The inventors made the surprising discovery that the gold decorated particles did not aggregate after being centrifuged and redispersed in the absence of additional stabilizing compounds. This discovery allowed the convenient separation of the decorated silica from colloidal gold, leaving the gold attached to silica in a chemically reactive state. Various protectants could be added before centrifugation to facilitate later resuspension of the particles. These protectants include polyvinyl alcohol, polyethylene glycol or phosphine ligands, and thiol-terminated carboxylic acid linkages. Resuspension was easily accomplished when a minimum amount of force was used in the centrifugation step and any aggregates of particles could be redispersed by treatment with sonification. A dynamic light scattering instrument was used according to standard and well known methods to verify that the particles were dispersed. The dispersed particles were diluted to 10 mls and used as a stock solution for the growth of the complete metal shell.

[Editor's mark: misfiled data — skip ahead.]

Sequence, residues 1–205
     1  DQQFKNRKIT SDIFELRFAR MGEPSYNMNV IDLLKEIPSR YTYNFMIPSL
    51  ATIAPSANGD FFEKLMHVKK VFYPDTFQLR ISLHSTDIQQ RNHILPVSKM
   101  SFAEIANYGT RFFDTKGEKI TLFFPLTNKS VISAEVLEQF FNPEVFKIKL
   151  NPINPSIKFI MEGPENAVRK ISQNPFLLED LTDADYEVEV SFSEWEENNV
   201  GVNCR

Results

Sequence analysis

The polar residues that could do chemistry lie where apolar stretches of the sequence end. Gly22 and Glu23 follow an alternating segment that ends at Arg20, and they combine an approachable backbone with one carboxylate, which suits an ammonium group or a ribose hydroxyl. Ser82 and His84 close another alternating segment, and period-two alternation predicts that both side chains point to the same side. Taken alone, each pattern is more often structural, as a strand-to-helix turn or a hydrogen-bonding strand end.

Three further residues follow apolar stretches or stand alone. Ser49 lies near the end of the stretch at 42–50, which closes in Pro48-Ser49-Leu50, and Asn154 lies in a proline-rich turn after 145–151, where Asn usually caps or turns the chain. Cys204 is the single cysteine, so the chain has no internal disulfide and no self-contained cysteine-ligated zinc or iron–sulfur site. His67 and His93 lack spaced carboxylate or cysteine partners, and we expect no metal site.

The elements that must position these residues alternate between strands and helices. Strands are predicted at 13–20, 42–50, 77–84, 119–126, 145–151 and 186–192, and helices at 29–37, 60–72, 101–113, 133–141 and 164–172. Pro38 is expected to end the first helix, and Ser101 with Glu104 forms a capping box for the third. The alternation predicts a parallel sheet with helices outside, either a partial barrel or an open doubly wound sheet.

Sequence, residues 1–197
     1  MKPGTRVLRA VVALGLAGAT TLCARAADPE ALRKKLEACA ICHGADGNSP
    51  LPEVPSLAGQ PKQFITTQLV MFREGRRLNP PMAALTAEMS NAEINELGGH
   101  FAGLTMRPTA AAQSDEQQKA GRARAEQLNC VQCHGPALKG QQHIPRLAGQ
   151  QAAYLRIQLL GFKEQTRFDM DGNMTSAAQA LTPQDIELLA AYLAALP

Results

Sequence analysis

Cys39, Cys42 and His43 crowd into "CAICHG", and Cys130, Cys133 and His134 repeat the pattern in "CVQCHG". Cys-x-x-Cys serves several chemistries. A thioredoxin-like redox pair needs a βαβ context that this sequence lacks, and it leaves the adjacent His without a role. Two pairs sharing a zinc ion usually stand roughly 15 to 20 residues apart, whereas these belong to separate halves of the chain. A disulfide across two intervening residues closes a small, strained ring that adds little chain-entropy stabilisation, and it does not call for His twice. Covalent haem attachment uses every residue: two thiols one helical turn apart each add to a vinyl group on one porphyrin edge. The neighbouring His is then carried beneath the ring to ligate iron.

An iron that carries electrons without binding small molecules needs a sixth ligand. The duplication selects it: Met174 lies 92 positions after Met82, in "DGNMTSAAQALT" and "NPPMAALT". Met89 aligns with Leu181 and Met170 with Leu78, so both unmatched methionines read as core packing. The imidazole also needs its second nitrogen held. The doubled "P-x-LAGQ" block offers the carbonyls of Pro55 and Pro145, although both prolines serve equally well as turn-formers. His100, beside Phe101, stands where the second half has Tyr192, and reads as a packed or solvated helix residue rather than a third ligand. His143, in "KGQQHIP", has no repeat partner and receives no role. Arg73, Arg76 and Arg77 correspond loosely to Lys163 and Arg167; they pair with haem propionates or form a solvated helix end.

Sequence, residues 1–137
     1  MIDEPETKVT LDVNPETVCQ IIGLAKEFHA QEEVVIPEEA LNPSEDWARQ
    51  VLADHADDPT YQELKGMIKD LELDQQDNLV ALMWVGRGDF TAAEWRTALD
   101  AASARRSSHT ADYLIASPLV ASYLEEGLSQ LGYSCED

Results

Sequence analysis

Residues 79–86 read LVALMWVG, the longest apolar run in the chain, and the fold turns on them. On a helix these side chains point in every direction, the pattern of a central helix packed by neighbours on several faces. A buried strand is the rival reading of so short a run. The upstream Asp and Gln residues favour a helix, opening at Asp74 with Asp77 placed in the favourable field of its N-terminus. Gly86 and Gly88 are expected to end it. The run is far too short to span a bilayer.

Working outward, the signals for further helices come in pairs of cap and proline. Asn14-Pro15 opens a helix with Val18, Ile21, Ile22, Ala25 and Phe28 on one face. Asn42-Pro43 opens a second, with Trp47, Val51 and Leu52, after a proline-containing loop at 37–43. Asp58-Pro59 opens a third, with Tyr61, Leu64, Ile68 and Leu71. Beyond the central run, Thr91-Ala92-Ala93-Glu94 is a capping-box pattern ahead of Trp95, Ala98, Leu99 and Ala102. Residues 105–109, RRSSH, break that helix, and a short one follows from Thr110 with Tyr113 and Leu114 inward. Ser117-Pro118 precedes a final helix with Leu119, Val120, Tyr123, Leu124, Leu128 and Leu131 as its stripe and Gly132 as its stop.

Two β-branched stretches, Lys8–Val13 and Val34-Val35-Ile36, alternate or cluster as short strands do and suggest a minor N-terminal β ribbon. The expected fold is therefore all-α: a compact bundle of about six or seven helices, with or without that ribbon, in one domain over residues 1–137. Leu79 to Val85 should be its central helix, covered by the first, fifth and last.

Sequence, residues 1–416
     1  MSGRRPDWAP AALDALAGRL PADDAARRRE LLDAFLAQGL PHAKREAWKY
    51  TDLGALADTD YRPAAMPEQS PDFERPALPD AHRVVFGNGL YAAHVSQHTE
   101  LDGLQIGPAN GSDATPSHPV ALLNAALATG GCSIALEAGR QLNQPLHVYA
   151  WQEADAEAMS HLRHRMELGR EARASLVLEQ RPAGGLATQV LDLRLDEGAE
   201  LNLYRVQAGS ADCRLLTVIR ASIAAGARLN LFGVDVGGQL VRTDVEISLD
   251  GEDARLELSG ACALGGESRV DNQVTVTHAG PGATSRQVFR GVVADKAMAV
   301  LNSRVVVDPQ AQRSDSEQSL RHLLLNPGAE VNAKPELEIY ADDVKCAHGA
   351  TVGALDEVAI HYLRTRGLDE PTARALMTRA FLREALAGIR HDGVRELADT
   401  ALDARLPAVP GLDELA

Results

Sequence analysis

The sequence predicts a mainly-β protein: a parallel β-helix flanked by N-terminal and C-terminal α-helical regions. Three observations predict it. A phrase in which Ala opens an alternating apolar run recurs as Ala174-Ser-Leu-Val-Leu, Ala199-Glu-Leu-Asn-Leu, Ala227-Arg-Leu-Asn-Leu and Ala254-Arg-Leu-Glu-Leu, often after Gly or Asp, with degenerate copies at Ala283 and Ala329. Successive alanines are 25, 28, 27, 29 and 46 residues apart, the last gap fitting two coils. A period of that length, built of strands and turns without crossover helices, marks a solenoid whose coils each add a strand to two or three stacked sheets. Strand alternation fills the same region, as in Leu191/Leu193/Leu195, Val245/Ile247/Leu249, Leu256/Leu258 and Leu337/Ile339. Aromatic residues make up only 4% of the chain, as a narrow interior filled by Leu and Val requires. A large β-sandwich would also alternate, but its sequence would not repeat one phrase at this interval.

EXAMPLE V

Growth of the Shell

The metal clusters were enlarged by deposition of gold using a variety of reductants such as hydroxylamine hydrocholoride, sodium borohydride, and formaldehyde. Formaldehyde was preferred. A solution of 25 mg anhydrous potassium carbonate was added to 100 ml of water containing 1.5 ml of 25 mM chloroauric acid solution (PCG). This solution was allowed to age in the dark for one day. Approximately 10 ml+/−5 ml of PCG was rapidly stirred with 2-5 mls of the gold clustered silica solution. A 100 microliter aliquot of freshly prepared formaldehyde solution (2% by volume in water) was slowly added.